When John McCain suspended his campaign on Wednesday and asked for a postponement of tonight’s debate, Barack Obama’s initial reaction was to hurl an insult, saying that he could handle the Wall Street bailout negotiations and debate at the same time. It was a foreshadowing of the juvenile, petty, and petulant candidate that would show up in Oxford, Mississippi tonight. McCain won this debate on points. But critically, he also won on temperament and likeability, allegedly Obama’s strong points. McCain got under Obama’s skin, and it showed.
The most glaring example of this came when Barack Obama bizarrely challenged McCain to a game of “Who’s Bracelet is Better.” McCain had just spent some time recounting the various U.S. military actions that he has either supported or opposed when he relayed the stories of two mothers who were moved to ask him to honor their sons’ memories by making sure that their missions are completed. Obama’s retort was perhaps his most piddling moment of the debate.
OBAMA: Jim, let me just make a point. I’ve got a bracelet,too, from Sergeant — from the mother of Sergeant Ryan David Jopek,given to me in Green Bay. And she asked me, “Can you please make surethat another mother’s not going through what I’m going through?”
Obama’s small-minded and ham-fisted reference to his bracelet was a calculated and scripted attempt to claim that military families support him just as much as they support McCain. Anyone who is paying attention knows that is simply not true. But worse, by engaging in a lily watering contest with McCain over military family bracelets, Obama was essentially saying that it didn’t matter what military families say. He turned their beliefs on how best to honor their fallen sons and daughters into nothing more than partisan political statements, instead of the honored, important, and earned opinions that they are. It was exactly what one would expect from a candidate who is insecure in his positions, and unable to admit a failing, no matter how small.
McCain needled Obama mercilessly tonight. He repeated that Obama, “doesn’t seem to understand,” nine times, pounding home the point that for all his eloquence and polish, Obama has no depth of worldly understanding upon which to draw. In another strange series of exchanges, McCain challenged Obama’s description of the surge as a tactic and not a strategy. Obama then proceeded inform America that he, “absolutely did know the difference between tactics and strategy,” thank goodness, and underscored the point by using variations of the the word “strategy” the next two times he spoke. Each time he did, he verbally emphasized the word, just to make sure everybody heard him use it correctly. A more mature candidate might have let McCain’s barb roll off his back. But Obama is very, very immature politician.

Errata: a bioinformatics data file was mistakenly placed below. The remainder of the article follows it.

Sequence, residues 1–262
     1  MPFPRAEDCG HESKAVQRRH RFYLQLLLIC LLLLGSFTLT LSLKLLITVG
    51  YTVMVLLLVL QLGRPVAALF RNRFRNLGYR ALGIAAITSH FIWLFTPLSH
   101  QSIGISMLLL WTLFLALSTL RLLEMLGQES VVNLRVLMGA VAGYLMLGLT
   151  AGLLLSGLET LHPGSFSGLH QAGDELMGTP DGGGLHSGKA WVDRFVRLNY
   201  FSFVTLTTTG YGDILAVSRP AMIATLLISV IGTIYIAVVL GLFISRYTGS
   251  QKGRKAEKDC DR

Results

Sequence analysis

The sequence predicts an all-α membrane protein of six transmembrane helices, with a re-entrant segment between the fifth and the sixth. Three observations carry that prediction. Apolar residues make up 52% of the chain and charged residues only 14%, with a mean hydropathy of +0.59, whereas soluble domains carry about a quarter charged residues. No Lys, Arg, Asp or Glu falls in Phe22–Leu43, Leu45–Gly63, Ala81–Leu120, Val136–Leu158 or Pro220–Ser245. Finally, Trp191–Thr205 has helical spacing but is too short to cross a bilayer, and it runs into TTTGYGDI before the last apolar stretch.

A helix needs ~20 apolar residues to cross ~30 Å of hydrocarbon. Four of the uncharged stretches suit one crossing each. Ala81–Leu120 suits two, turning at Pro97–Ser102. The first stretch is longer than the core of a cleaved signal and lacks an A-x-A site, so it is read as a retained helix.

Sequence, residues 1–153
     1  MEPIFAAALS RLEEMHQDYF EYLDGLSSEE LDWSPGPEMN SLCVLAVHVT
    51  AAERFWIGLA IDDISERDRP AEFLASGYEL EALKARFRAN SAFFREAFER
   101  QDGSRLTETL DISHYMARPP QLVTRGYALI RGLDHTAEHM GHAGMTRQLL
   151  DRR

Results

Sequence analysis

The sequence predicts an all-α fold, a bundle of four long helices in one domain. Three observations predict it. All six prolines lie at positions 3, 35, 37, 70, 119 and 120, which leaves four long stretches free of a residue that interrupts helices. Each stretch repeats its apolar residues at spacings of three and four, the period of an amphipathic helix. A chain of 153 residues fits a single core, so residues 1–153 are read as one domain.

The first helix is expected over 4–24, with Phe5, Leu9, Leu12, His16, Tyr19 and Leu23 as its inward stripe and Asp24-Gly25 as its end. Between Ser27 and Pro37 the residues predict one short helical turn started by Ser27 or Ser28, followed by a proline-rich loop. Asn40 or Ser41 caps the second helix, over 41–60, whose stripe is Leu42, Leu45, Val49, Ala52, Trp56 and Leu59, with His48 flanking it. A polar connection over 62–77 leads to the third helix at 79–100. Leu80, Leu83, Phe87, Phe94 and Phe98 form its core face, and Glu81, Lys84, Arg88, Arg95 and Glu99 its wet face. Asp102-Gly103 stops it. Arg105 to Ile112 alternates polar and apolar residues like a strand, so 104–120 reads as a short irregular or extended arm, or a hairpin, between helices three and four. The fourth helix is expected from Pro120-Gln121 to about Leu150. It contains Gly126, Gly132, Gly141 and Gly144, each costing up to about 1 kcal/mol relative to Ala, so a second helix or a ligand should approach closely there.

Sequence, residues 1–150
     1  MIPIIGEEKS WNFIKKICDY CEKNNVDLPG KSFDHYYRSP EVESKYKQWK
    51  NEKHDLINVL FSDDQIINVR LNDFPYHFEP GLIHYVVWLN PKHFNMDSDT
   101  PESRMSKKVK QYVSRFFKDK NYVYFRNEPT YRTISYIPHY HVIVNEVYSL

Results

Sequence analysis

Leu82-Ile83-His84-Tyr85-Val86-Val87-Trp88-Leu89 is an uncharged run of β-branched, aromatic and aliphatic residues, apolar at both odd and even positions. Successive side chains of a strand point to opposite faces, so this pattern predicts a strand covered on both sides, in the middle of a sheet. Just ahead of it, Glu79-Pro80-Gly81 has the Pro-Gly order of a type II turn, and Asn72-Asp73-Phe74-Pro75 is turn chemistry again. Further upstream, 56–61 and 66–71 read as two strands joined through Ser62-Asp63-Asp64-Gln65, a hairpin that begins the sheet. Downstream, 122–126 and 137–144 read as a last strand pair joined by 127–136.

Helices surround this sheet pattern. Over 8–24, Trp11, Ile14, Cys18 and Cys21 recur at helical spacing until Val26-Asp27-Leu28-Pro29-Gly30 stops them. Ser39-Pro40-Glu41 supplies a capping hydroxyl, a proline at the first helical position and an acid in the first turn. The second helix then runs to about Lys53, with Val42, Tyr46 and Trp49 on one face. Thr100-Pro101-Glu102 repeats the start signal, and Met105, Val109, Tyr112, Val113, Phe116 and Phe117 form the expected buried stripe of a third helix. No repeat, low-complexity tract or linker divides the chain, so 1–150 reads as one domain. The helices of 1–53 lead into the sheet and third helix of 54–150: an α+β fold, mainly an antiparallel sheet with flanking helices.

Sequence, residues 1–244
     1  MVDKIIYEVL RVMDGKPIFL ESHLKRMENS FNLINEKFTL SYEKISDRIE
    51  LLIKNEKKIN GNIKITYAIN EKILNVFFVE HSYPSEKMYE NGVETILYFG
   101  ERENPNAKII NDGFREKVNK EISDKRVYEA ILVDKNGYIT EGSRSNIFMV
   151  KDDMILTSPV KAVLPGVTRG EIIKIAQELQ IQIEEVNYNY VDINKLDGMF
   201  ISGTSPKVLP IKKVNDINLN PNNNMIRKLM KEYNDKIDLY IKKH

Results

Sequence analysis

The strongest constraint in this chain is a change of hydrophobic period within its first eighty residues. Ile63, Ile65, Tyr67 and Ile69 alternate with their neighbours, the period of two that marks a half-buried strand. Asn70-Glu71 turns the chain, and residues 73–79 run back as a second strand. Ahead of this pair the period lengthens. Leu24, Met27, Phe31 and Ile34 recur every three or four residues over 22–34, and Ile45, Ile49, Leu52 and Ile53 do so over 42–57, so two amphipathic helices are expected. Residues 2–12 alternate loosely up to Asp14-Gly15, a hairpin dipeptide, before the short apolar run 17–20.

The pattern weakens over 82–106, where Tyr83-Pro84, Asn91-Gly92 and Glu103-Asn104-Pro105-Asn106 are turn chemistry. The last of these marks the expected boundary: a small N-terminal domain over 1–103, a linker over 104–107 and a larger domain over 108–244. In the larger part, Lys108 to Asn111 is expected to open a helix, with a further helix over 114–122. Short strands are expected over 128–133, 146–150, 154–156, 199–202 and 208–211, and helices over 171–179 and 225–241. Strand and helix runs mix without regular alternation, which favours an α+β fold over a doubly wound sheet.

McCain got under Obama’s skin tonight, and he did it with a smile. Except for when he stepped out to smack Obama down on meeting with Iranian President Mahmoud Ahmadinejad, and very effectively, he barely looked at Obama, and never responded directly to him. Obama was on the attack from the very beginning. He sought to link McCain to President Bush in his first response, a tactic he would use over and over again as part of his strategy to debate the outgoing president instead of the man standing on stage next to him. Many of Obama’s answers were nothing more than a noun, a verb, and George Bush. Obama was frustrated by McCain’s refusal to roll over and play dead. That frustration came through in the myriad of interruptions, protestations, and “corrections” that Obama felt compelled to issue while McCain was speaking.
Lastly, McCain showcased his immense depth on foreign policy issues tonight. McCain simply has more voluminous experience in these matters than Obama, whose answers seemed like prepared executive summaries. McCain has been to every hot spot in the world, it seems, and he pointed out that Obama has not travelled even to areas where he should have some interest, like Afghanistan. Obama chairs a Senate subcommittee on NATO, which is fighting alongside our troops in Afghanistan. Yet Obama has yet to hold a hearing in his committee, let alone travel to the region except as part of a political campaign. It was more than clear tonight that on foriegn policy, McCain is Encyclopedia Brittanica and Obama is Reader’s Digest.
There are two more presidential debates to go, and still plenty of time before the election. After a very rough week for McCain due to events largely beyond his control, this performance should get him back to even. It may have sealed Florida for McCain, as Obama’s insistence in talking to Iran, only once mentioning the word “Israel,” and even then only in restating McCain’s position, will not play well with Jewish voters already suspicious of Obama. National polls may not move much on Monday, but the state polls in Michigan, Pennsylvania, and Ohio could show a slight uptick for McCain.